We are fast approaching a world in which the most hotly-contested resource for development and survival is not oil, but water. In today’s times, we here in the US do not think that the lack of clean fresh water would be a problem. However, most people would be surprised to know that this issue is a real concern. The water contamination in the Appalachia Region is a modern day water crisis that is affecting not only the environment but also many people living in the region.
The Appalachian Region, as defined in ARC's authorizing legislation, is a 205,000-square-mile region that follows the spine of the Appalachian Mountains from southern New York to northern Mississippi. It includes all of West Virginia and parts of 12 other states: Alabama, Georgia, Kentucky, Maryland, Mississippi, New York, North Carolina, Ohio, Pennsylvania, South Carolina, Tennessee, and Virginia. Forty-two percent of the Region's population is rural, compared with 20 percent of the national population.
The issue of contamination is twofold. Firstly, in order for families in this region to have running water in their homes people hook up PVC pipe and lead the stream water into their homes. And as a vicious circle they in turn run the used water back to the stream, which puts the human feces back into the streams. This contamination continues downstream and worsens as it goes.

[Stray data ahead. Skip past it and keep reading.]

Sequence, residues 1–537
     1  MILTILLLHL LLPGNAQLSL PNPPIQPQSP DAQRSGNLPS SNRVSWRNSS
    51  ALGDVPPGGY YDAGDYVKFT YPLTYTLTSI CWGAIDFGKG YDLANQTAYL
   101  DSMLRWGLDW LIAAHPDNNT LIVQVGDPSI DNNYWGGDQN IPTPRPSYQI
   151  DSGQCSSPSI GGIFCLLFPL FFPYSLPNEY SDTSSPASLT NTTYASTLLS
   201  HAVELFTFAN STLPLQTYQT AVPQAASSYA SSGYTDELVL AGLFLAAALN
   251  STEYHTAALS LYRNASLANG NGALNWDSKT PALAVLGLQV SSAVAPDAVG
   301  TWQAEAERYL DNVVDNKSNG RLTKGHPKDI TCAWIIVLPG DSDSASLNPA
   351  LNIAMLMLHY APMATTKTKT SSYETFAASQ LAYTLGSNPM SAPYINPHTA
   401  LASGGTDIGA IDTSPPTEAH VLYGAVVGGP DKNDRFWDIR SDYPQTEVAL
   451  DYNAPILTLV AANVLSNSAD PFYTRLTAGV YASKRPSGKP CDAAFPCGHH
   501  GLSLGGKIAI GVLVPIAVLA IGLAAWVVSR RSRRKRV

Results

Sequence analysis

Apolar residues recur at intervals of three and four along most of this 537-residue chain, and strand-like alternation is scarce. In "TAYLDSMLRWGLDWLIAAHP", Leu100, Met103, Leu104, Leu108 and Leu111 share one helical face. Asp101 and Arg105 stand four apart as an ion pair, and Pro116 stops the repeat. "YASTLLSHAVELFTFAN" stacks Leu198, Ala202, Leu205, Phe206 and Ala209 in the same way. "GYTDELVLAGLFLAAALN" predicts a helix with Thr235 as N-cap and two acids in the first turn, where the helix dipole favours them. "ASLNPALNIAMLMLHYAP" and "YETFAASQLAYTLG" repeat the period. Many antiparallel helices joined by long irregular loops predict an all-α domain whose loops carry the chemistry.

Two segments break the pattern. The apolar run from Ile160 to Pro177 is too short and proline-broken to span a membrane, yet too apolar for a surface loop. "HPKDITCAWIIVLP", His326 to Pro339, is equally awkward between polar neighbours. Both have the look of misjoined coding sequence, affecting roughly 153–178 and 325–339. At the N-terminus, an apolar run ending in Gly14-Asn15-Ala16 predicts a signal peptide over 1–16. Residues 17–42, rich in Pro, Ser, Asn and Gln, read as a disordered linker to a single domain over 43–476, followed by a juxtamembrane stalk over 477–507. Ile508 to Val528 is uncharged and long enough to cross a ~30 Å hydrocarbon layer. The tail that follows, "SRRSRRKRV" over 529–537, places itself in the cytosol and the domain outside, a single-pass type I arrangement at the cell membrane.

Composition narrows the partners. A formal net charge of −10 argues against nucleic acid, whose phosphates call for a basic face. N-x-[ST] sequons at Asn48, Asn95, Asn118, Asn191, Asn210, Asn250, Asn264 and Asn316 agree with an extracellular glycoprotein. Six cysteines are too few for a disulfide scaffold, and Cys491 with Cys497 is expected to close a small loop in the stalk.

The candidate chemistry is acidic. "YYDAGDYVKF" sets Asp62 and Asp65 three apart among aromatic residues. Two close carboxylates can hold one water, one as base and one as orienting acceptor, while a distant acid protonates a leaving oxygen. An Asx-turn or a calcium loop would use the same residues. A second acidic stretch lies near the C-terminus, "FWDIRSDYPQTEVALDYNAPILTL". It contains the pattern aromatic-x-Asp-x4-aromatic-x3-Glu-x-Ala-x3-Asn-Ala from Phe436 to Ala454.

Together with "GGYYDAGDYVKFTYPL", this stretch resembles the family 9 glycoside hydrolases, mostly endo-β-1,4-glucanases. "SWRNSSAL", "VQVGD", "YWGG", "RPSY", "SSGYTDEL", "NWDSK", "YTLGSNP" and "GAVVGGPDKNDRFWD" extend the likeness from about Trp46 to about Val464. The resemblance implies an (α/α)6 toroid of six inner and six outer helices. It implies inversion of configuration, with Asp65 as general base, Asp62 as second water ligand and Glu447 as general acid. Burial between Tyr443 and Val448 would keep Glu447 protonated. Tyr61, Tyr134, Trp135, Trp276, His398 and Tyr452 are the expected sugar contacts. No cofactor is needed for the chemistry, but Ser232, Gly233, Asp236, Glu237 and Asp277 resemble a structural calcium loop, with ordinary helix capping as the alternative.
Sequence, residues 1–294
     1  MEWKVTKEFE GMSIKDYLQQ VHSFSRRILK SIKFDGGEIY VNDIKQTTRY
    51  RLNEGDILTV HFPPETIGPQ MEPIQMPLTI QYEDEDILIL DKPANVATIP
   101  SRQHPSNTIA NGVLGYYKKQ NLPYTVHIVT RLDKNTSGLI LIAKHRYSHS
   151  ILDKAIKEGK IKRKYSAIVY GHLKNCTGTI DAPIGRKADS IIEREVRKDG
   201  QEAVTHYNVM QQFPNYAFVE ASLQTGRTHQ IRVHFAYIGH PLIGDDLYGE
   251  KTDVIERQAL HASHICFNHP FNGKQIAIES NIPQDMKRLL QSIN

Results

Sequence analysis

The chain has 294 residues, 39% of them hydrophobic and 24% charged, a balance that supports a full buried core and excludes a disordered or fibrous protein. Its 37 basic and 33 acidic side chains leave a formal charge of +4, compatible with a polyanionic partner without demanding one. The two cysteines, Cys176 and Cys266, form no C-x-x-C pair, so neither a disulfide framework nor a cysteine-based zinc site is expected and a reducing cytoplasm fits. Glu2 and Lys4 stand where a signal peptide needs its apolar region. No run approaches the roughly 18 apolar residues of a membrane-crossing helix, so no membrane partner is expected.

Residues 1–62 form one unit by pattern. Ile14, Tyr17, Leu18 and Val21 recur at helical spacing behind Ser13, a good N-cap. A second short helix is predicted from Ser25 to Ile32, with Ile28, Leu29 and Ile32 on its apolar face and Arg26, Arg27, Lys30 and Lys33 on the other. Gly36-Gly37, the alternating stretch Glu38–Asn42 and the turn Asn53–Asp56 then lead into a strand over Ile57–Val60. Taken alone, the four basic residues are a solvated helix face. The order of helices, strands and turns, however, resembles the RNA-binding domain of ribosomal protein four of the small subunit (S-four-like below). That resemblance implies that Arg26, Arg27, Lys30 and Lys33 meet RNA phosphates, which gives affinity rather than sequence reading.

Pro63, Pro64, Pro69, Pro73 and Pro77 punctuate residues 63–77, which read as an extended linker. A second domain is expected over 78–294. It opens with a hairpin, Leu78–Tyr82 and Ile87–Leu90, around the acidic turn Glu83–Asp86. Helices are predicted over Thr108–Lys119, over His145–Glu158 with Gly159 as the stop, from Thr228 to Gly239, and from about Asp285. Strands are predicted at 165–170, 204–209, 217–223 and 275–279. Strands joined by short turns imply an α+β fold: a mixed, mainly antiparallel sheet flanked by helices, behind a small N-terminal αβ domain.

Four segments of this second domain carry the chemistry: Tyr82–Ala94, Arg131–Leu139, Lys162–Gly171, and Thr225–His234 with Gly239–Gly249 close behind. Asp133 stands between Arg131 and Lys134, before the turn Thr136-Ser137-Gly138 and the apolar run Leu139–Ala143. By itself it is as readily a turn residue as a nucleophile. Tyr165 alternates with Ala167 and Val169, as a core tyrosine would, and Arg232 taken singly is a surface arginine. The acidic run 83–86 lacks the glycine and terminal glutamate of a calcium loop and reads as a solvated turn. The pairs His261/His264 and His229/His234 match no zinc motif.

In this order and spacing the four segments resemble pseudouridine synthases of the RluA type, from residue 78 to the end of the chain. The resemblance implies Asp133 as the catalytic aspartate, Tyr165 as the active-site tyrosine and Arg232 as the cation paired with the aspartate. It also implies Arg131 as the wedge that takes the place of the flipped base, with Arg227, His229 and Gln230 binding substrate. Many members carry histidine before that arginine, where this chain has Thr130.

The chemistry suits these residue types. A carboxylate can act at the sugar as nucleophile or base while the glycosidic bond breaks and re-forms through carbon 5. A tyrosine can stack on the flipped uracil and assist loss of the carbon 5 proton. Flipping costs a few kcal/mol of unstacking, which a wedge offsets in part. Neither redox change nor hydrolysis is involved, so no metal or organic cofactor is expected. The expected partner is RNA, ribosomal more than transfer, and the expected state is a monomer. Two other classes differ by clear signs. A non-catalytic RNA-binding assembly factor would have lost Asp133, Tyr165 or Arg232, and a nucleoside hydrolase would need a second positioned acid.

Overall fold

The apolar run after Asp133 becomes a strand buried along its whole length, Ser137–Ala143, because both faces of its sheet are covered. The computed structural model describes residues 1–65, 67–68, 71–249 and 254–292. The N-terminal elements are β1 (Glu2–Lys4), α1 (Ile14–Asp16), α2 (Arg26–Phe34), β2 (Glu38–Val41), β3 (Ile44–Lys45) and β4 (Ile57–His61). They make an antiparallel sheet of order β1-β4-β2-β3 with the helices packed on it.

Secondly, a recent government study showed that West Virginia streams are dangerously contaminated by mercury. Fish from these streams contain toxic levels of mercury that can harm those who eat them. The threat to human health from the consumption of mercury-contaminated fish is much higher than previously thought and is especially damaging to fetuses. EPA now calculates that twice as many people, one-sixth of all women of childbearing age in the U.S., carry blood mercury levels that threaten the health of the unborn. Children exposed to even low levels of mercury before birth can experience catastrophic neurological and developmental impairments, permanent IQ loss and numerous other serious diseases. EPA estimates between 300,000 and 600,000 children each year are exposed in the womb to mercury levels high enough to pose risks of lowered IQ and other problems.
Aqwalife is looking to partner with some of the states to help alleviate families having to use the unsanitary water from the streams into their homes. We are planning to place water systems so that they will centrally help a community and provide continuous improvement as this will be an ongoing project.